Tuesday, May 4, 2010

Is TARP Greek for "Save the Bank(er)s?

There was a time when we thought that the biggest problem with bailouts was moral hazard. Like with so many things in life, the only loss is to one's innocence and only the first time.

As it is well known, the Greek government is on the receiving end of an ever increasing bailout package. In exchange, for such a ridiculous amount of money and the invaluable tutelage of the IMF, which by the way will become a super-senior creditor ahead of ALL bondholders, the Greek government promises to produce what amounts to a balanced budget.

As we know, balanced budgets are as rare as honest politicians as nobody likes to pay taxes and everyone is rather attached to their salaries and/or entitlements. In my opinion, the Greeks are as likely to deliver a balanced budget in 2013 as anyone else in Europe and beyond, which means not at all. How does anyone think that raising taxes and cutting salaries will deliver short term growth in the presence of higher rates is a mystery to me. More importantly, the market for Greek bonds seems to agree with my assessment as the curve is still inverted from 2 years onward signaling concern about default.

Yet, we still get comments from various analysts and politicians to the effect that the situation is under control and it has a fair chance of getting better (if only the market would finance Greek debt at "reasonable" prices).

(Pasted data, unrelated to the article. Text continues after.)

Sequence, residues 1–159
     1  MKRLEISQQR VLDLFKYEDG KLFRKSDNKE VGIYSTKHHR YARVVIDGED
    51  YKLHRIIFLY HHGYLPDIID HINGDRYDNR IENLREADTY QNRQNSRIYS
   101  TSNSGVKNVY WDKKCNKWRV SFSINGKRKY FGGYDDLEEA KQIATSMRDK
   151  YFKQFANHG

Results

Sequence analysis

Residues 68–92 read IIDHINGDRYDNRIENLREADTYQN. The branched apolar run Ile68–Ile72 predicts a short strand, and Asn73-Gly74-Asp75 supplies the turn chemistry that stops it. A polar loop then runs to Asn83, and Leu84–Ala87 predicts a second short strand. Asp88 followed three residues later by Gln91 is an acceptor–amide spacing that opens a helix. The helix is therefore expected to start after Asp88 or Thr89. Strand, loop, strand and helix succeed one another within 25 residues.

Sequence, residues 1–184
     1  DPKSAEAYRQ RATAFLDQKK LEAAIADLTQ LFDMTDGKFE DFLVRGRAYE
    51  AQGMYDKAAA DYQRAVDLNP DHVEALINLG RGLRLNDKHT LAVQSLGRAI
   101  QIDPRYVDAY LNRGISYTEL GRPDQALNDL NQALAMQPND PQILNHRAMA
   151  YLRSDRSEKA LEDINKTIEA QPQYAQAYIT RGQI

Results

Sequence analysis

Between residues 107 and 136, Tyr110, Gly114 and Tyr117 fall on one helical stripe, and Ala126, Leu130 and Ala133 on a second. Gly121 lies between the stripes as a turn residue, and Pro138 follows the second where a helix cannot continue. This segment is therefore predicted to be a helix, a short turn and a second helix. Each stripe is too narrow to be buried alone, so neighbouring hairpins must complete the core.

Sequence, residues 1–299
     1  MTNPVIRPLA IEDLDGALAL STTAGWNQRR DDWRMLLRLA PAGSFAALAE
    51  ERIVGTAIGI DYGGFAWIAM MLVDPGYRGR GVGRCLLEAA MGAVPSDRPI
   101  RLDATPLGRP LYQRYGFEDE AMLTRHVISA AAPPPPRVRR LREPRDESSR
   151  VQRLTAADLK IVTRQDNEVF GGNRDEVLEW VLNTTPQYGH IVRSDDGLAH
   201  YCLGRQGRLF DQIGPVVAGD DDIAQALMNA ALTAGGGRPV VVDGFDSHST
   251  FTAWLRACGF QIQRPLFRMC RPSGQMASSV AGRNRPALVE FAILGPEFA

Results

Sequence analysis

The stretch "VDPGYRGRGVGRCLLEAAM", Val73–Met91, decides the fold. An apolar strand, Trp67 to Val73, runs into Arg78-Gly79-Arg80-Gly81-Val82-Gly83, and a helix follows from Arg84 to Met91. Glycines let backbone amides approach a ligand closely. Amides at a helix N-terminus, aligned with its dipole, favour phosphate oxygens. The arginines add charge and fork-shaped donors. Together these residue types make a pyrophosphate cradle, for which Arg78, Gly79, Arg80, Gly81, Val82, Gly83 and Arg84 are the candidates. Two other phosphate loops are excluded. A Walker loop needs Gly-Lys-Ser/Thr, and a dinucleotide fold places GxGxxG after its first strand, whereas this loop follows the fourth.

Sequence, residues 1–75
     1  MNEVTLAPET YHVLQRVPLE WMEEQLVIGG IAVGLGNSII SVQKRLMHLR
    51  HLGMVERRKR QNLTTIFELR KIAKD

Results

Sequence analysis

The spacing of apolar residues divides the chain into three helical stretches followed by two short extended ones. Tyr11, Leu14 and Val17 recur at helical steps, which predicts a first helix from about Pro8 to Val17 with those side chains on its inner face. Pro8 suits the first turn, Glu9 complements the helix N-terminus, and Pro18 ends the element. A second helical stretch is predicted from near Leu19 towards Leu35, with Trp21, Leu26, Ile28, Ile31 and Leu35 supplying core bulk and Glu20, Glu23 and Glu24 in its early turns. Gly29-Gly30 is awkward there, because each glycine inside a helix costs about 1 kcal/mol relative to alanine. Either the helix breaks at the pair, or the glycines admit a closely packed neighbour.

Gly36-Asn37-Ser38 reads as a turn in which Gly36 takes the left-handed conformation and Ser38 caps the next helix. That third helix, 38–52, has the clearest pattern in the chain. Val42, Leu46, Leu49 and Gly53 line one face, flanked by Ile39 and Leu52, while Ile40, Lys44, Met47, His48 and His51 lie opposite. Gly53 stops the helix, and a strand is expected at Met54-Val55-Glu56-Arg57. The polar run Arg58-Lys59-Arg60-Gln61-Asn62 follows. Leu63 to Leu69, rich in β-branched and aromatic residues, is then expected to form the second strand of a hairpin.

In this context, it is interesting to find out that the money from the package seems to be following a familiar script. In other words, just like our TARP, the Greek package is already mutating from "fund the government" (or pay the debt, which is equivalent) to "stabilize the banking system" which means the banks will get the money and decide what to do. Maybe even pay bonuses.

The problem with this (global) crisis is that it is destroying whatever credibility we may still have on the financial/political system. Enormous amounts of public money are being doled out on an attempt to keep the party going. The tragedy is not that, if History is any guide, it will not work, but that people will feel cheated out of their hard earned taxes. Money comes and goes, however, credibility is easy to lose and hard to get back.

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